There are many ways to examine a college basketball team. I like to focus on a few advanced statistical categories.
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While advanced stats might be new to some, Bo Ryan, for example, always was a proponent of points per possession (PPP). He knew there was a big difference between scoring 75 points on 75 possessions and scoring 75 points on 65 possessions. Having over a 1.000 PPP was an important key to victory and the higher, obviously, the better.
The same can be said for other statistics. Having 10 turnovers with 70 possessions isn’t as bad as having 10 turnovers with 60 possessions. Sure, a team might have 10 offensive rebounds but if the opponent has 40 defensive rebounds (a 20 percent offensive rebounding percentage) that is worse than having five offensive rebounds when your opponent has just 15 defensive rebounds (25 percent orb%).
All season I have tracked seven advanced statistical categories for Wisconsin: possessions per game (done by a formula), points per possession, opponent points per possession, effective field-goal percentage (which counts 3-pointers as 1.5 field goals), offensive and defensive rebounding percentage and turnover percentage (turnovers per possession).
Here’s where Wisconsin ranked this season in the nation among those respective categories. I’ll also include the totals from last year’s team (pre-NCAA tournament) for comparison’s sake (duly noting that was a pretty special team, as evidenced by its national title game run) as well the Badgers’ first-round NCAA tournament opponent, Pittsburgh.
Possessions: 66.2, tied for 340th in nation (out of 351 teams). Last season: 61.1. So as slow as Wisconsin runs its offense in comparison to the rest of the country, it was slower by five possessions last year. Pitt: 68.6, tied for 296th.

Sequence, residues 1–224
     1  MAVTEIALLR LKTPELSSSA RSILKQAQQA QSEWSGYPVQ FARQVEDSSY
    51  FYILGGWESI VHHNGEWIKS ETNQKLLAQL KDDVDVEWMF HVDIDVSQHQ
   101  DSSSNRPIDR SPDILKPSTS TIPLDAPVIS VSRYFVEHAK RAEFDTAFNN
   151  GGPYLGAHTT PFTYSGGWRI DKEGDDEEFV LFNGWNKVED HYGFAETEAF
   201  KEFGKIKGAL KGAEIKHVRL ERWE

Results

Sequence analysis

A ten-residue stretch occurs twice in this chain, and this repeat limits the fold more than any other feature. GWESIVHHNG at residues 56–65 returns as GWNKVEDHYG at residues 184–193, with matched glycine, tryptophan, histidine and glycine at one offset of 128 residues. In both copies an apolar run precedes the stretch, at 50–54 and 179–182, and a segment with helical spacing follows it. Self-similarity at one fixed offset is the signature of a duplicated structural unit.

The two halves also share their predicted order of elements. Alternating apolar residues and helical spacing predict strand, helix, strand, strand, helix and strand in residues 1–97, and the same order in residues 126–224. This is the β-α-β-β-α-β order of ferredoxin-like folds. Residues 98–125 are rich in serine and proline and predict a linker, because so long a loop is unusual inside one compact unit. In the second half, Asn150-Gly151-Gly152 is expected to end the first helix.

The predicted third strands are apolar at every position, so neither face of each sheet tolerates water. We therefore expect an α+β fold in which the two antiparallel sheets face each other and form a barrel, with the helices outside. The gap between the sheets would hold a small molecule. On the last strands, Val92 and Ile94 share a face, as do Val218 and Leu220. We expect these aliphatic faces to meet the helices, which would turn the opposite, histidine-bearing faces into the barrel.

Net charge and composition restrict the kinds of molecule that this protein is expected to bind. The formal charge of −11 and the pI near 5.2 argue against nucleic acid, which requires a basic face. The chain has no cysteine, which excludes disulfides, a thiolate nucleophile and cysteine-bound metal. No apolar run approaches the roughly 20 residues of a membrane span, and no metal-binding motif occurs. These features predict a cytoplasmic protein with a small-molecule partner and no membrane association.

Points per possession: 1.040, tied for 118th. Last season: 1.187. Last year’s team was ridiculous, actually finishing at 1.191 after the NCAA tournament. Notre Dame was second in the nation at 1.179. The highest PPP this season is 1.175 by St. Mary’s. Pitt: 1.104, 26th.
Opponent PPP: 0.975, tied for 82nd. Last season: 0.952. Pitt: 1.001, tied for 136th.
Effective field-goal percentage: 49.0%, tied for 216th. Last season: 54.6%. Obviously a big difference here. For the most part, though, Wisconsin has been shooting better lately, as you’ll see below. Pitt: 51.3%, tied for 113th.
Offensive rebounding percentage: 31.0%, tied for 65th. Last season: 30.4%. Yes, this is a better offensive rebounding team than in 2014-15, although there were struggles in Big Ten play. Pitt: 35.4%, 22nd.
Defensive rebounding percentage: 73.5%, tied for 112th. Last season: 78.6%. Pitt: 75.0%, tied for 58th.
Turnover percentage: 16.5%, tied for 91st. Last season: 12.1%. If you are looking for the biggest difference between this year’s Wisconsin’s team and past editions, here you go. The Badgers have regularly been in the 12s, percentage-wise, over the years. The last time UW was at 16 percent or higher was the 2007-08 season (18.6). Pitt: 17.0%, tied for 119th.
Below is a game-by-game statistical look at each of Wisconsin’s games this season. You can see how the offensive efficiency picked up starting at Northwestern. The defense also buckled down beginning at Penn State. (There are exceptions to both, of course, but those could be outliers.)
*Texas A&M-Corpus Christi was Bo Ryan’s final game